Pesticide storage facilities must meet certain minimum requirements to prevent accidental releases to the environment and to protect the safety of personnel working within them. The following guidelines are intended to assist personnel in designing and using pesticide storage areas for agricultural use.
- Floor drains are prohibited. This prevents accidental release of pesticides into the sewer system.
- Floors and shelves must be impervious to moisture. Concrete floors and wooden shelves must be sealed with latex or epoxy paint to facilitate cleaning.
- Pesticide containers must be secured to keep them from tipping over.
- Elevated and wall-mounted shelves used to store pesticides must have edges that act as secondary containment for spills.
- Storage facilities must be ventilated by rotary vents or mechanical ventilation to prevent accidental respiratory exposure. A strong pesticide odor in a storage facility indicates the need for better ventilation.
- Storage facilities must be securely locked when not in use to prevent unauthorized access.
- Adequate electrical or natural lighting must be provided.
- If pesticides are mixed at the facility, potable water must be provided for:
- Readily-accessible emergency showers and eyewashes located near the facility and;
- Washing of hands and face (applies to Category I and II pesticides only). Soap and towels must also be made available.
- All doors to the facility must be posted with the following warning sign:
POISON STORAGE AREA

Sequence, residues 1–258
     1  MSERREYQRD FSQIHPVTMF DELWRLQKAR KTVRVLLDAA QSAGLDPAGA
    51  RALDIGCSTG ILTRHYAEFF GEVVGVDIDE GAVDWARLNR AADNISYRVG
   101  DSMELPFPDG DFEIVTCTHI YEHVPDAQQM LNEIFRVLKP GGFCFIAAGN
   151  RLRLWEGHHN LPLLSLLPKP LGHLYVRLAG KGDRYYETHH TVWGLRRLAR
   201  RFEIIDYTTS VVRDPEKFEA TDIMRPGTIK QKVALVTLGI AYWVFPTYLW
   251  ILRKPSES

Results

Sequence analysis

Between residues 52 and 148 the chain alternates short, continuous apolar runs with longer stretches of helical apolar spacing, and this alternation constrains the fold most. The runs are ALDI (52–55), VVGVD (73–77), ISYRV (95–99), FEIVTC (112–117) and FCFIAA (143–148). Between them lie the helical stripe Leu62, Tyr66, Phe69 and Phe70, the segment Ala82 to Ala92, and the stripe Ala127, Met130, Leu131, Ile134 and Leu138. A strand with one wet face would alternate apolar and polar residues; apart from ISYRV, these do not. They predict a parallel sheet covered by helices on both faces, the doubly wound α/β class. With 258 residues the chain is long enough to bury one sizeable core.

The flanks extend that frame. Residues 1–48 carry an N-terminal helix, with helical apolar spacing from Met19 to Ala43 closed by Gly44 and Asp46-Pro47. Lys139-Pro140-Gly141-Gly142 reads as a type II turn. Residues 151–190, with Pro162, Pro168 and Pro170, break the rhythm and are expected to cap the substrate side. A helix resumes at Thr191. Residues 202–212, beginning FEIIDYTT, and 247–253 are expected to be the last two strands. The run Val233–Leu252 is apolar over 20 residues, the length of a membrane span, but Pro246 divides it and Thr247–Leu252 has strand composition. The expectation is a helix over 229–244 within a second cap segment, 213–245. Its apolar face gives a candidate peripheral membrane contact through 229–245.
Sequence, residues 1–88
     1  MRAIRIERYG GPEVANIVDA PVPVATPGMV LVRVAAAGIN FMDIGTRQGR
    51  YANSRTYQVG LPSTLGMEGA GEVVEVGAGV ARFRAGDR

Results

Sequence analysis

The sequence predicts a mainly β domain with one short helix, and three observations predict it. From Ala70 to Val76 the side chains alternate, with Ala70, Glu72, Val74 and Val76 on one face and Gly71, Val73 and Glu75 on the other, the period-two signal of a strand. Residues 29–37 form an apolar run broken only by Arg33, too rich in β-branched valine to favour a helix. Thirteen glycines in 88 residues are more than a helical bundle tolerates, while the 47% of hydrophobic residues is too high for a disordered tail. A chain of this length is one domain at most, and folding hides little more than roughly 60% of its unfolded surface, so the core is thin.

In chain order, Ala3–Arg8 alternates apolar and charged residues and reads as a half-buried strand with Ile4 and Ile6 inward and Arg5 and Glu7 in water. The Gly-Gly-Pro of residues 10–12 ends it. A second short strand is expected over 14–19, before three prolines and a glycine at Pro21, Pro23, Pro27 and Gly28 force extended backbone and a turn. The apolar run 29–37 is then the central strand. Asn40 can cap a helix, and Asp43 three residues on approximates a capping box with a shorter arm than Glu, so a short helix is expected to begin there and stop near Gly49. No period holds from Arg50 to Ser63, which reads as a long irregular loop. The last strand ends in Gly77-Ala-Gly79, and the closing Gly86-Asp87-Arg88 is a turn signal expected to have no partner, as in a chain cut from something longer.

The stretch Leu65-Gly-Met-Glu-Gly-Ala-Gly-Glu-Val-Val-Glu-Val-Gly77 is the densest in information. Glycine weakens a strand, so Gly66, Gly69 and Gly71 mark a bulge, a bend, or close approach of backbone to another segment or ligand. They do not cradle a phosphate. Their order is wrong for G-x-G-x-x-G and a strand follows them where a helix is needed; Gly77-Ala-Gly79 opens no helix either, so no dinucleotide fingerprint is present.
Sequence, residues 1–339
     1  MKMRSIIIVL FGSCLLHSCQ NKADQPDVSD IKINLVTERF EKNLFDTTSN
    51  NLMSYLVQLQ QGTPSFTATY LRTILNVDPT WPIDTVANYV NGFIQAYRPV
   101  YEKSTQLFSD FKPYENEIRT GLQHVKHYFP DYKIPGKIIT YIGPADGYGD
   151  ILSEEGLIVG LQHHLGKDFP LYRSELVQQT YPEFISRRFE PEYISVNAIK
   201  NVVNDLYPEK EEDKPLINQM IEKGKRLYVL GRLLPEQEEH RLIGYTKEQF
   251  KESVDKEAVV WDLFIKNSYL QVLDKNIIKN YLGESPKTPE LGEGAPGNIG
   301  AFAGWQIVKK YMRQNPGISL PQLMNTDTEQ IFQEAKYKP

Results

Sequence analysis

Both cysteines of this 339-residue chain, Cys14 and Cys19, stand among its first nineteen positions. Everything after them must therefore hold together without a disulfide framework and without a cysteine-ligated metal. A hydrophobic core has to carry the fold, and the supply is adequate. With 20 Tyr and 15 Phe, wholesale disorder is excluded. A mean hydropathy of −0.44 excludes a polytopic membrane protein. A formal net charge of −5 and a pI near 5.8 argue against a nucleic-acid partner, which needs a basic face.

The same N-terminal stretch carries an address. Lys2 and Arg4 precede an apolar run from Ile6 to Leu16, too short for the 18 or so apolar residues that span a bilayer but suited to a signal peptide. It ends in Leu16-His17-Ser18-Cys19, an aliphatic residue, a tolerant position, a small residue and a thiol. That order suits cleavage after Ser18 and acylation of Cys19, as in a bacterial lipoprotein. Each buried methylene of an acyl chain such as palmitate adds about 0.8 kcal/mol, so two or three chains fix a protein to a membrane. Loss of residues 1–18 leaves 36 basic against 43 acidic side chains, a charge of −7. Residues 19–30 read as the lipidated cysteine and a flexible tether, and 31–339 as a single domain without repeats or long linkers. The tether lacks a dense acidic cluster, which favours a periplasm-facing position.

ALL UNAUTHORIZED PERSONS KEEP OUT
KEEP DOOR LOCKED WHEN NOT IN USE
Signs must be legible at a distance of 25 feet from any direction and be written in both English and Spanish.
- The pesticide storage area must include:
- Required PPE
- A spill kit
- A fire extinguisher
- The name, address, and phone number of the nearest emergency medical facility must be posted prominently at the worksite.
- Insecticides and fungicides must not be stored on the same shelves as herbicides to prevent unintended cross-contamination.
- Open bags of pesticides must be enclosed in properly labeled secondary containers to prevent the material from spilling if the primary container is damaged.
- If primary pesticide containers are rusted or otherwise damaged, plastic or metal secondary containers must be provided to prevent accidental leakage. Secondary containers must be labeled to identify the contents in primary containers.
- NEVER store pesticides in containers that have been used to hold food.
- Any container in storage that holds a pesticide must have secured to it a copy of the original pesticide label. Additional labels are available from the manufacturer or can be copied from the Crop Protection Chemical Reference, Wiley & Sons Inc., 605 3rd Ave., New York, NY 10157, for a fee.
- Experimental pesticides and/or those being used under "blind" conditions must carry a label equivalent, including:
- Pesticide name or code number
- Type (insecticide/herbicide/rodenticide, etc.)
- Required protective equipment
- Date of receipt
- Date of experiment termination
- Custodian name
- The words "FOR EXPERIMENTAL USE ONLY"
- Any diluted pesticide in storage or in service containers such as spray rigs must be labeled with:
- Name of pesticide
- Signal Word (Danger/Warning/Caution)
- Custodian name
- Custodian phone number
- Date of dilution
- Pesticides must not be stored directly on the floor unless double contained.
- Storage areas must be kept clean and uncluttered. Triple-rinse, puncture and drain empty containers before discarding. Drain rinse solution from the container into the tank mix.
- Pesticides in pressurized containers must be stored and transported within the temperature range stated on manufacturing labels.
- Pesticides must not be transported or stored in the passenger compartment of vehicles. UC Davis Policy and Procedure 290-65 requires all hazardous materials be transported in a University Vehicle.
- Pesticides must be under the personal control of a responsible person at all times unless stored in a locked location.